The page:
Description Usage Arguments Details Value Note Author(s) See Also Examples

Display the distributions of one or more sets of points as branching (dendritic) clusters.

1 2 |

`x` |
A list or data frame of numeric or factor or character columns. |

`breaks` |
A list of cutpoints to transform numeric values into factors (see cut). Must be at least one number >= 2. |

`pch` |
Symbol(s) to use in plotting the values. |

`col` |
Color(s) for the symbols. |

`cex` |
Size of the symbol(s) to use in plotting. |

`nudge` |
The amount to set each consecutive value in a category away from the center of the dendrite. |

`setlabels` |
Labels to place along the abcissa to identify the sets. |

`...` |
Other arguments passed to plot. |

dendroPlot displays the distributions of categorical values as stacks of "branches". The lengths of the branches show the number of values in each category, rather like the opposed bars in a pyramid plot, except that there is no separation of groups. The distribution of numeric values can also be displayed by passing a set of breakpoints to categorize the values. The breakpoints will usually be equidistant, but unevenly spaced breakpoints can be passed. If an element of x is numeric, the values of the corresponding x element will be used to place the points, but the branches will be defined as the categories formed by applying the breaks to those numeric values.

Note that in the first example, the breakpoints for the first and third elements are used to define the ten branches for each. The second element of x is already categorical, so the breakpoints are ignored. When comparing distributions with very different ranges it may be necessary to adjust the breakpoints to get a satisfactory result.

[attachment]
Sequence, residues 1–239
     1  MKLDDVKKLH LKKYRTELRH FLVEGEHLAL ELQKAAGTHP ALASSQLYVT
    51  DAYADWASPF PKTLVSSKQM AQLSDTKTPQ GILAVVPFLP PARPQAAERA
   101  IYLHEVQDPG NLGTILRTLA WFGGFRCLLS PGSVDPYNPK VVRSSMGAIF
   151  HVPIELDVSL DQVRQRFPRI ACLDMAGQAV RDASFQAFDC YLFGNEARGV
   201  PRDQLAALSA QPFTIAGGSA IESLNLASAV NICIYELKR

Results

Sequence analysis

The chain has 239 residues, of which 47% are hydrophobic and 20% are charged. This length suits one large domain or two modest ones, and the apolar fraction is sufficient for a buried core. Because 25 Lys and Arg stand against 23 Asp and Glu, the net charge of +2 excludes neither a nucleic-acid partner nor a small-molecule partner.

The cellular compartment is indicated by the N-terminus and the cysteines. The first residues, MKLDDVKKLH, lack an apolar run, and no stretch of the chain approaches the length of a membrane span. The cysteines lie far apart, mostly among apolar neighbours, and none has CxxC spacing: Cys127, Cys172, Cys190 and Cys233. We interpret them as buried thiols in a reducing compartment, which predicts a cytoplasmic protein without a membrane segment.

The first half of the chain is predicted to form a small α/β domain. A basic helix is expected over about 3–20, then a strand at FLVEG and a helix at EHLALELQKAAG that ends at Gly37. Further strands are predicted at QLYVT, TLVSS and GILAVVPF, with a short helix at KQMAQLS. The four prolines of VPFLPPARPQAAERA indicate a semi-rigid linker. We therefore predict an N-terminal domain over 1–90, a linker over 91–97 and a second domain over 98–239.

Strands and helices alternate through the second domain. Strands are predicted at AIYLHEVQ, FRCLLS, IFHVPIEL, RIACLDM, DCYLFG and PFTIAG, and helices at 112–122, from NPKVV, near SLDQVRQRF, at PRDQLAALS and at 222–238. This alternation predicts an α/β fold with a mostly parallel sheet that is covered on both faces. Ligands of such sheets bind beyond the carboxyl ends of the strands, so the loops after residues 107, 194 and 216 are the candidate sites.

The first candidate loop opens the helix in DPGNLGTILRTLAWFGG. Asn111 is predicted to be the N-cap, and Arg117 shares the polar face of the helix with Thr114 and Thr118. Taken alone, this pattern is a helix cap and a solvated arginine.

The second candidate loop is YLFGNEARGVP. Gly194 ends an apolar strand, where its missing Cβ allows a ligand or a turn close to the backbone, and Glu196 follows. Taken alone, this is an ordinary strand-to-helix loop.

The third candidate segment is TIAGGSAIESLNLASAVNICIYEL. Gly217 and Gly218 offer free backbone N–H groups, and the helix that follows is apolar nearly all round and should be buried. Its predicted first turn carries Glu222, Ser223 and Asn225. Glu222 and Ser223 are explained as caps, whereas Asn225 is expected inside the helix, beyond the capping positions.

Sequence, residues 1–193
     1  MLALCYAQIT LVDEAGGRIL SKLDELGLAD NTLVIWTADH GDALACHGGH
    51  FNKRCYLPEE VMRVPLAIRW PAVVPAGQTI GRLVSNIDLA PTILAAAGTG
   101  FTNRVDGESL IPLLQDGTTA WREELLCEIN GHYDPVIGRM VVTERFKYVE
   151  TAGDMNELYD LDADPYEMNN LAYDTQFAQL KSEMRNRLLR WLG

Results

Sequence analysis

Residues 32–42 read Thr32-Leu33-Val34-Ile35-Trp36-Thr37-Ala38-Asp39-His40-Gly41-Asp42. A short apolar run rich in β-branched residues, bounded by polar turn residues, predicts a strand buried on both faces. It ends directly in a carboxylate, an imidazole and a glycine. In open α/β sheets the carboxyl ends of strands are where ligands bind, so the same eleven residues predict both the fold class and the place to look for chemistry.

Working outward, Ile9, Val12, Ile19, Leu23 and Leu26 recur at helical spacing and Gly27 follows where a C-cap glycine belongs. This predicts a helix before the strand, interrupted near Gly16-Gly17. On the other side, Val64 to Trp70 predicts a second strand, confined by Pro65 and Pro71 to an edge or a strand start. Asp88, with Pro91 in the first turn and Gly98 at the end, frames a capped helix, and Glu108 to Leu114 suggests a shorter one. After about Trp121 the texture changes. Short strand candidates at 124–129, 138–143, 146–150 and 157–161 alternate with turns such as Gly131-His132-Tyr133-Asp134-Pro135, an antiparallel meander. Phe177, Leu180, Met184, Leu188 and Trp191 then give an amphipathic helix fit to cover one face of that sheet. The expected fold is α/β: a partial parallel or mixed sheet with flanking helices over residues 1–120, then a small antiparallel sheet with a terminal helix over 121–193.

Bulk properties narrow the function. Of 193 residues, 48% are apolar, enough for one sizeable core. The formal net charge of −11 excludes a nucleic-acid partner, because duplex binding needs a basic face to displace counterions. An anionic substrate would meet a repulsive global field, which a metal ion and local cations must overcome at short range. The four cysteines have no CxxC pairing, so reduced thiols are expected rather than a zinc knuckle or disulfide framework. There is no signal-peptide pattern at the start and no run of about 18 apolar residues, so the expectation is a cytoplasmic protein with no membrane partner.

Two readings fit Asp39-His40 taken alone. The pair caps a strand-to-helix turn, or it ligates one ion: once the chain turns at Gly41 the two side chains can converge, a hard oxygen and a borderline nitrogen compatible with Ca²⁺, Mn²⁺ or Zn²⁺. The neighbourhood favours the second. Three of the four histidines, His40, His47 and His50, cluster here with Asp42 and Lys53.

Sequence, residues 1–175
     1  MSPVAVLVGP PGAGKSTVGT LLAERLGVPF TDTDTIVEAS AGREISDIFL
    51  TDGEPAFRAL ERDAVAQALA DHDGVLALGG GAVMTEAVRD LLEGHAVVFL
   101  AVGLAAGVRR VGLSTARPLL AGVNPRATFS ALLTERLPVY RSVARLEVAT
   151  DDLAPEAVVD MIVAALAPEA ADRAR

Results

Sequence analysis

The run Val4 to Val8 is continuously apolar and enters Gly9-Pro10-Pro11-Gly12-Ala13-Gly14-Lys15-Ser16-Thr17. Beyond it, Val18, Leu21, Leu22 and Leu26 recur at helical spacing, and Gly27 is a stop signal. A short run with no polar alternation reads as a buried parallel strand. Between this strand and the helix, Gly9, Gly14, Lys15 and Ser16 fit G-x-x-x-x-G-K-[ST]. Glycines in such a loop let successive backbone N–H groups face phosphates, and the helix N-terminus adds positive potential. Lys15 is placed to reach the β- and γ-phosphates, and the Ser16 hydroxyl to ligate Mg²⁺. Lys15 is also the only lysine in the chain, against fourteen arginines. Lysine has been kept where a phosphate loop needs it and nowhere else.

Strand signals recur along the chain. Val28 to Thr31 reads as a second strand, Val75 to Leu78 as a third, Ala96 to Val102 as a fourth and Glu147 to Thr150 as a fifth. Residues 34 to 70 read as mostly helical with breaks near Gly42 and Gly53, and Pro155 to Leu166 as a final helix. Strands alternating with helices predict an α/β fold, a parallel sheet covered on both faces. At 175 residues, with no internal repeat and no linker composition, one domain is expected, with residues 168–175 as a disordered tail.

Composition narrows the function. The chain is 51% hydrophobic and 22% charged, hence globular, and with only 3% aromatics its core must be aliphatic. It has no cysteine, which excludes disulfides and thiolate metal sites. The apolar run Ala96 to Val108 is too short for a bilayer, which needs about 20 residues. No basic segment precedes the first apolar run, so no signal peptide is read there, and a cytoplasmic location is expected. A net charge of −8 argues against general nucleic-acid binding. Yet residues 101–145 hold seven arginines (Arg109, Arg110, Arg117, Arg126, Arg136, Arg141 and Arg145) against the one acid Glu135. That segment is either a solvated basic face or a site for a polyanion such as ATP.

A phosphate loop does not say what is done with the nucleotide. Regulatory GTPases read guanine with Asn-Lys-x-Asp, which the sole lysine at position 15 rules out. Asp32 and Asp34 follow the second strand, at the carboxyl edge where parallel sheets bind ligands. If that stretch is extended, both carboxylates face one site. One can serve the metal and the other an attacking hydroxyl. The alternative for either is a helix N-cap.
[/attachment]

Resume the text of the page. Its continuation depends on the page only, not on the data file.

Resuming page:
Each successive point in a category is nudged away from the center of the dendrite. If nudge has more than one value, the points will be nudged up and down for categorical variables to enable closer packing. The second value of nudge is ignored for numeric variables. The aspect ratio of the plot, the character expansion and the nudging will have to be adjusted to give the best point spacing for most dendroPlots.

nil

The ehplot function is a much more versatile instantiation of this type of plot. dendroPlot has been retained as there are currently a few differences that some users may find valuable. However, it is not impossible that dendroPlot will disappear in the future. Another very useful version of this type of plot is beeswarm in the beeswarm package.

Jim Lemon

ehplot

1 2 3 4 5 | ```
x<-list(runif(90,1,3),factor(sample(LETTERS[1:10],100,TRUE)),rnorm(80,mean=5))
dendroPlot(x,xlab="Groups",ylab="Value of x",main="Test dendroPlot I")
# now apply a nudge factor and different breaks
dendroPlot(x,breaks=list(8,10,10),nudge=c(0.05,0.1),
xlab="Groups",ylab="Value of x",main="Test dendroPlot II")
``` |

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